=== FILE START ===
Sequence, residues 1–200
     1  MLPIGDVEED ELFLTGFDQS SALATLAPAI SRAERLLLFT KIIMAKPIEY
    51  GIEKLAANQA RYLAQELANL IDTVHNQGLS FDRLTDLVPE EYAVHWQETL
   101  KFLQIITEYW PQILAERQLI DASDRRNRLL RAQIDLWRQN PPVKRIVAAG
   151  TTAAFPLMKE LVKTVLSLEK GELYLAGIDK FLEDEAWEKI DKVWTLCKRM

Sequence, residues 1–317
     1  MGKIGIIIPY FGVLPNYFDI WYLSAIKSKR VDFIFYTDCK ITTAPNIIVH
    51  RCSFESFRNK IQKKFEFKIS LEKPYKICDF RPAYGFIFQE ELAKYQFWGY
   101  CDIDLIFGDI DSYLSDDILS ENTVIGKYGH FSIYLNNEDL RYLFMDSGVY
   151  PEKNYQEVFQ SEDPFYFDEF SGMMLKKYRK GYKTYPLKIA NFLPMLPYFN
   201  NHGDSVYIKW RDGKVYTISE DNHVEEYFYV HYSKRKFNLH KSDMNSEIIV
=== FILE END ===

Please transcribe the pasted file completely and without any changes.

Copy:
Sequence, residues 1–200
     1  MLPIGDVEED ELFLTGFDQS SALATLAPAI SRAERLLLFT KIIMAKPIEY
    51  GIEKLAANQA RYLAQELANL IDTVHNQGLS FDRLTDLVPE EYAVHWQETL
   101  KFLQIITEYW PQILAERQLI DASDRRNRLL RAQIDLWRQN PPVKRIVAAG
   151  TTAAFPLMKE LVKTVLSLEK GELYLAGIDK FLEDEAWEKI DKVWTLCKRM

Sequence, residues 1–317
     1  MGKIGIIIPY FGVLPNYFDI WYLSAIKSKR VDFIFYTDCK ITTAPNIIVH
    51  RCSFESFRNK IQKKFEFKIS LEKPYKICDF RPAYGFIFQE ELAKYQFWGY
   101  CDIDLIFGDI DSYLSDDILS ENTVIGKYGH FSIYLNNEDL RYLFMDSGVY
   151  PEKNYQEVFQ SEDPFYFDEF SGMMLKKYRK GYKTYPLKIA NFLPMLPYFN
   201  NHGDSVYIKW RDGKVYTISE DNHVEEYFYV HYSKRKFNLH KSDMNSEIIV